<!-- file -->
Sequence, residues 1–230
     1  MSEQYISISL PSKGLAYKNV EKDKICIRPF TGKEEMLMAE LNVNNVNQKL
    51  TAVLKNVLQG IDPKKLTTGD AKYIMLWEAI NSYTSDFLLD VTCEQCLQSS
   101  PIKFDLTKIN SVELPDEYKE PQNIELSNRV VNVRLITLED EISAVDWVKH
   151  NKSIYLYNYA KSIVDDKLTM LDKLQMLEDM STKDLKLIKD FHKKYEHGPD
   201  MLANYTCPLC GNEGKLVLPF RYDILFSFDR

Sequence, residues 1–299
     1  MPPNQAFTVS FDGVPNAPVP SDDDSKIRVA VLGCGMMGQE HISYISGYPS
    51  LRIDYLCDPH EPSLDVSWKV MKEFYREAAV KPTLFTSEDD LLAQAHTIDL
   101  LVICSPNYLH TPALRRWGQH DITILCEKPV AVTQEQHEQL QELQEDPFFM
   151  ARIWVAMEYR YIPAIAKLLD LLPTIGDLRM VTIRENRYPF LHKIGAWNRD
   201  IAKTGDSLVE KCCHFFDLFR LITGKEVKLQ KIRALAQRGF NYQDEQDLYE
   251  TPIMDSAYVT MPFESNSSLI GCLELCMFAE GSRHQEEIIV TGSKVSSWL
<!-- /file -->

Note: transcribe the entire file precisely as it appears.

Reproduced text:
Sequence, residues 1–230
     1  MSEQYISISL PSKGLAYKNV EKDKICIRPF TGKEEMLMAE LNVNNVNQKL
    51  TAVLKNVLQG IDPKKLTTGD AKYIMLWEAI NSYTSDFLLD VTCEQCLQSS
   101  PIKFDLTKIN SVELPDEYKE PQNIELSNRV VNVRLITLED EISAVDWVKH
   151  NKSIYLYNYA KSIVDDKLTM LDKLQMLEDM STKDLKLIKD FHKKYEHGPD
   201  MLANYTCPLC GNEGKLVLPF RYDILFSFDR

Sequence, residues 1–299
     1  MPPNQAFTVS FDGVPNAPVP SDDDSKIRVA VLGCGMMGQE HISYISGYPS
    51  LRIDYLCDPH EPSLDVSWKV MKEFYREAAV KPTLFTSEDD LLAQAHTIDL
   101  LVICSPNYLH TPALRRWGQH DITILCEKPV AVTQEQHEQL QELQEDPFFM
   151  ARIWVAMEYR YIPAIAKLLD LLPTIGDLRM VTIRENRYPF LHKIGAWNRD
   201  IAKTGDSLVE KCCHFFDLFR LITGKEVKLQ KIRALAQRGF NYQDEQDLYE
   251  TPIMDSAYVT MPFESNSSLI GCLELCMFAE GSRHQEEIIV TGSKVSSWL